Growing up as Sheldon was in his first years in the industry, he wasn’t always the most popular kid in school.
But in his second year, he was.
“It was kind of fun growing up because I had a little bit of a celebrity,” he said.
“I was getting attention.
People would come up to me at school.
I was doing interviews and stuff like that.
And it was nice, because I was really happy, but I think I learned a lot about the business side of it.”
It was a tough time for a young Sheldon.
After he graduated from high school, his parents separated, and he spent a year in foster care before finding a job in the construction industry.
It was then that he realized the business was not the only thing he was interested in.
“The business is the only reason I wanted to be an actor.
The business was the reason I had the dream of being a musician,” he told NBC News.”
That’s why I was a business guy.
I’m a business person.
I want to be in the business.”
Growing up, Sheldon never let his social life get in the way of his work.
“I used to say, ‘If you want to have fun, have fun.
But don’t let that put you off,'” he recalled.
Growing up in New Jersey, Sheldon said he always had to make sure to go to school.
“You go to college and you’re out of here.
You can’t do it,” he recalled saying.
“That was the way I was taught to go.
And so, yeah, it was really hard for me to go out and get into the business because I didn’t want to give up that.”
Growing Up in the Big AppleGrowing up as a teenager in the suburbs of New Jersey was tough.
In fact, Sheldon was so poor, he couldn’t afford the gas to get there.
But, he learned to make do and make his own way.
In the 1990s, Sheldon’s dad passed away.
“So, my dad was going to die, and I went to live with my mom,” he explained.
“So, I had no money to go into college.
And I kind of went out there and worked on the side.”
As an actor, he said he had to take on a lot of the heavy lifting.
“When I was in high school I had to do all the work, and it was pretty hard to get into movies.
So, I started doing commercials.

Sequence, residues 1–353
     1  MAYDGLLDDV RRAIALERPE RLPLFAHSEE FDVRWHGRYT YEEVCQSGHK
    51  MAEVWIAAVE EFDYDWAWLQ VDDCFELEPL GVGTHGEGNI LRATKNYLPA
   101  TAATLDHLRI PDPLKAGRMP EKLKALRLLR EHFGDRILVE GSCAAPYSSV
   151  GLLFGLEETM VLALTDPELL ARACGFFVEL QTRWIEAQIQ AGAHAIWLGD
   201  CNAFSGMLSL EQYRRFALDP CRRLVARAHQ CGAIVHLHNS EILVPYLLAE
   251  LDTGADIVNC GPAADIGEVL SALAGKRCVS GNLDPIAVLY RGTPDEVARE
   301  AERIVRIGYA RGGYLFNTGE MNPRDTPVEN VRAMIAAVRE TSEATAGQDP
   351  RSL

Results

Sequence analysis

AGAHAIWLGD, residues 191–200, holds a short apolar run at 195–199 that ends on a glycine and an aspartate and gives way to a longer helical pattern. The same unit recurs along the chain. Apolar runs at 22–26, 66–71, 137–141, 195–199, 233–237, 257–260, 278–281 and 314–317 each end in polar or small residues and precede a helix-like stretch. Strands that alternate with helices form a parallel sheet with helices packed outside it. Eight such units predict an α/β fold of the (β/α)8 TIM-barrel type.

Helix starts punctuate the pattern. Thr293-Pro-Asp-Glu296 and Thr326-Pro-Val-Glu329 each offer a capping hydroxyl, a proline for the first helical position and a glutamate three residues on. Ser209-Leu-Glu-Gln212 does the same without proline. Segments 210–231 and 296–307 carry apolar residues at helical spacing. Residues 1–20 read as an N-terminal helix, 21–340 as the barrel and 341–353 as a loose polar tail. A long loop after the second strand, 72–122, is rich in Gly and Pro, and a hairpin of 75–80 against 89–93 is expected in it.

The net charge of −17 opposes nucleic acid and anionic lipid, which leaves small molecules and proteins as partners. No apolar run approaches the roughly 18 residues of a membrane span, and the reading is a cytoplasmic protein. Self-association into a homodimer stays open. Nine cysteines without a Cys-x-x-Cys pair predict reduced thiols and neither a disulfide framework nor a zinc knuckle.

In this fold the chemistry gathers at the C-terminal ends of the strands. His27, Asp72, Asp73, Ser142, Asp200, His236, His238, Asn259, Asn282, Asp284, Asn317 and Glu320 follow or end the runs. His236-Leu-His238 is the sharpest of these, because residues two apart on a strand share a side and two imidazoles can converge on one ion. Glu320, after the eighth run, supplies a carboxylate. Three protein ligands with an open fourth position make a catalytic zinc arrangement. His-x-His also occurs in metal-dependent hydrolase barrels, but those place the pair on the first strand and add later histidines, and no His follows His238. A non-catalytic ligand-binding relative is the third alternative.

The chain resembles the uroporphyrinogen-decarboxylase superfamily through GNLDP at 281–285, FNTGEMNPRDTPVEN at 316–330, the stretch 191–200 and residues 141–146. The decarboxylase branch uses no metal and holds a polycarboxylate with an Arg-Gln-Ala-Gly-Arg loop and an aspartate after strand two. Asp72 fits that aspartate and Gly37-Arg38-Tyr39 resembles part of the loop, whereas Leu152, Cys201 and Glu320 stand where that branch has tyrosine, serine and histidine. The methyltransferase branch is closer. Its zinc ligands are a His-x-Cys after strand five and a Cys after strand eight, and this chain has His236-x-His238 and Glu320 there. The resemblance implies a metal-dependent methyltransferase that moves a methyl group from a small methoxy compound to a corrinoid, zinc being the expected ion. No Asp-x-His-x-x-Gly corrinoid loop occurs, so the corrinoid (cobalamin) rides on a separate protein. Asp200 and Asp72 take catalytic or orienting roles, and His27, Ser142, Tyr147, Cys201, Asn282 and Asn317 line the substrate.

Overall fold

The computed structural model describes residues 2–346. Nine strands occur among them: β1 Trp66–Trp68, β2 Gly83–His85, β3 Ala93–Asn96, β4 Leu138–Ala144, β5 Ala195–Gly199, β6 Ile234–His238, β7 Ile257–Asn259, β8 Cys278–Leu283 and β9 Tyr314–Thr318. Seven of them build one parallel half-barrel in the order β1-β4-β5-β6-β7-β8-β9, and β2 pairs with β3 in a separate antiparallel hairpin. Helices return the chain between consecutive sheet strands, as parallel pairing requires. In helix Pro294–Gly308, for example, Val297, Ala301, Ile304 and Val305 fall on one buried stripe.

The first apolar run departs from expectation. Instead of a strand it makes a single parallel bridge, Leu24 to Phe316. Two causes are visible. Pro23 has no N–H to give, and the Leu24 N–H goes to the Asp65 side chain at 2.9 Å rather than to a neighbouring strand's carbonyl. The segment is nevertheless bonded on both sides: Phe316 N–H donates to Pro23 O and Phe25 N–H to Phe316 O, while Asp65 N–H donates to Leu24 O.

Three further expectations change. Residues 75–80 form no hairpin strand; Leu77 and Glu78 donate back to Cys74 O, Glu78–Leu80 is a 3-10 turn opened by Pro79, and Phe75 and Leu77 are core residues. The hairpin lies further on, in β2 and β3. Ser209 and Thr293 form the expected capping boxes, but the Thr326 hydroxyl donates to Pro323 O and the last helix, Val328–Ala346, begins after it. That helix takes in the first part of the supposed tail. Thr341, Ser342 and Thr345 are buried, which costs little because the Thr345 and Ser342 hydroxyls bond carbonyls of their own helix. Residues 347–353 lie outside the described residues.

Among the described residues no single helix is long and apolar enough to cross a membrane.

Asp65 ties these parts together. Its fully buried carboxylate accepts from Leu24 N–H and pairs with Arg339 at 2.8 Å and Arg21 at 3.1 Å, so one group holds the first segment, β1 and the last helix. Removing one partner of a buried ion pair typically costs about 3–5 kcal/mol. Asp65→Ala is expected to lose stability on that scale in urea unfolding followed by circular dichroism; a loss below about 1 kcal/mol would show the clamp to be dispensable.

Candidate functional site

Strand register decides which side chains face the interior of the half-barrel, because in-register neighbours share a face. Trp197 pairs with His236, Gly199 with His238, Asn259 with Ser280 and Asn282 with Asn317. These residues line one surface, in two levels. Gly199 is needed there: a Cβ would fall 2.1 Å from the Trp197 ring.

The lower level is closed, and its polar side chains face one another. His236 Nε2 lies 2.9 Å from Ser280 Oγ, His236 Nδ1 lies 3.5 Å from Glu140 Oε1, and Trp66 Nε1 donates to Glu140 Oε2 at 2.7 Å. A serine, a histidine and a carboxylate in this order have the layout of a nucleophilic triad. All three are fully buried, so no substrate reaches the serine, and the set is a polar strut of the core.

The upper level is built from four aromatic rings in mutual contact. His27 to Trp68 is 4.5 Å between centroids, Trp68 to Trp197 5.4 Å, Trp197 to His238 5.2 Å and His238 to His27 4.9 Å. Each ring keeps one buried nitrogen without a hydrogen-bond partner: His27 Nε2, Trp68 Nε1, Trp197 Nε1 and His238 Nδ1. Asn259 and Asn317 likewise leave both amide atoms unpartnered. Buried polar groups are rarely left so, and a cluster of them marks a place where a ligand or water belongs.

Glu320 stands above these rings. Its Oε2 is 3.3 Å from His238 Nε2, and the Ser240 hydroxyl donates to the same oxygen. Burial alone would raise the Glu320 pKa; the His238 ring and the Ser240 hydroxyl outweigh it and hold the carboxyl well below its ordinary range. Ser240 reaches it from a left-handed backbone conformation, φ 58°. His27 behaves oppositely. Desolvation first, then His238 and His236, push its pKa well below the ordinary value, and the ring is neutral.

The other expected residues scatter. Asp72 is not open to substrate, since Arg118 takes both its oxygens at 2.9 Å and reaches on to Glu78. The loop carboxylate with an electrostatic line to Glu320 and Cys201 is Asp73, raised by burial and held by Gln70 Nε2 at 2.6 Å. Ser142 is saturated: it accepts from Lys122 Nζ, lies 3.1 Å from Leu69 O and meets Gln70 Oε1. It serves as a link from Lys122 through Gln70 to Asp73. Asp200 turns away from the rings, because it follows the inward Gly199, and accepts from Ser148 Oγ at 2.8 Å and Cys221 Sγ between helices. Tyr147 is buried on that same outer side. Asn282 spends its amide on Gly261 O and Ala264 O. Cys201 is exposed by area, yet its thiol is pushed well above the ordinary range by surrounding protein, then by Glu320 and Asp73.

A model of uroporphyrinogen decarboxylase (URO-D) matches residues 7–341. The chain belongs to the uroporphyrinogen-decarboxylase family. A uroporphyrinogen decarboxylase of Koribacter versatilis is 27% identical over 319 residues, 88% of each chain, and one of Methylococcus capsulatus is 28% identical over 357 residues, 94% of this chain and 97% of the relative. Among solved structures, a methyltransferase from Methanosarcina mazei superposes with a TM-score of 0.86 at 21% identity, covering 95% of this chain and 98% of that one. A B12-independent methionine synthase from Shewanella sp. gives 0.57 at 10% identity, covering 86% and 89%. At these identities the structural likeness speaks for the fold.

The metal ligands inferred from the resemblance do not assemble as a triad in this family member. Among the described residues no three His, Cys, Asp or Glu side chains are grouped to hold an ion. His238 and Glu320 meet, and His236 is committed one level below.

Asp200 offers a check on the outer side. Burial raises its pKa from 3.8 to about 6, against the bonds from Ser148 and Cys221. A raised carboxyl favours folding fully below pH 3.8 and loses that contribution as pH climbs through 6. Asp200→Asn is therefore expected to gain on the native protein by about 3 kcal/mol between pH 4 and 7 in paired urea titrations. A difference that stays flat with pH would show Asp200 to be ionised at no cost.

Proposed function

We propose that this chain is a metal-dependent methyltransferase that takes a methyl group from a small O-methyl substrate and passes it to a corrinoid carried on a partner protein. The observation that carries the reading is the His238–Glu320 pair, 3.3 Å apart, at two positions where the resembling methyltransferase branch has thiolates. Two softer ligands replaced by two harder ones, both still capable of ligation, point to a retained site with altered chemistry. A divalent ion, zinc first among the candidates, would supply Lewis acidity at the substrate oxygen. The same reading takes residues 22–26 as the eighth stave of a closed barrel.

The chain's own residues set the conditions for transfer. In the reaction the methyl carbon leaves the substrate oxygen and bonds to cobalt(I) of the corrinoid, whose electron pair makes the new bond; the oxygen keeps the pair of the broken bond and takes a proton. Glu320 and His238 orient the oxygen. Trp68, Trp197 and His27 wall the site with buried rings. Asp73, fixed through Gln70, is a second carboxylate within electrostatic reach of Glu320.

And then, after a while, I was like, ‘OK, I’m in the film business.
It’s time to make my own film,'” he said with a laugh.
In fact, the success of the film, “Trouble with the Curve,” inspired him to take his acting career to the next level.
“Troubles with the curve, it took me two years of acting before I made the movie, and that was pretty much when I was starting out.
So I’ve never been able to take the movie industry, and just have it become a business.
So that’s what I did,” he added.
Growing Up a Business KidGrowing up with his parents was tough for Sheldon.
Growing up in the big city, he had little money to spend.
But when he turned 18, he decided to take up the full-time job of running his own small business.
“We were like a small business, and we were trying to make money,” he laughed.
“It was pretty rough.
But I kind in that way kind of had a sense of responsibility.
And that was really cool.”
Growing the businessGrowing up Sheldon had a tough start.
“Even though I’m an actor and I’m from New Jersey I didn�t really have the money,” Sheldon explained.
“But I was able to go and work at McDonalds and get my foot in the door, and then go back to school and get a degree,” he continued.
“Then, eventually, it’s just like, I want this to be my life and I want my family to be successful and I can’t wait to start my own business.
And once I did that, it became like, OK, I can do it.”
Growing his businessGrowing the family businessGrowing Sheldon’s father was a carpenter.
But his mom was a seamstress.
And they had to work hard to feed their family.
“My mom was an accountant, and my dad, my mom worked in a restaurant.
And my dad’s a real handyman,” Sheldon said.”
He would do all that stuff for us and make our life better,” he went on.
“My mom would go to the mall, I would go there.
She was so proud of what she did.
So she was a big advocate for me.”
Growing Sheldon had to learn how to take care of his father.
“And my dad had to go through all the stuff that I had gone through growing up, so he had some rough patches,”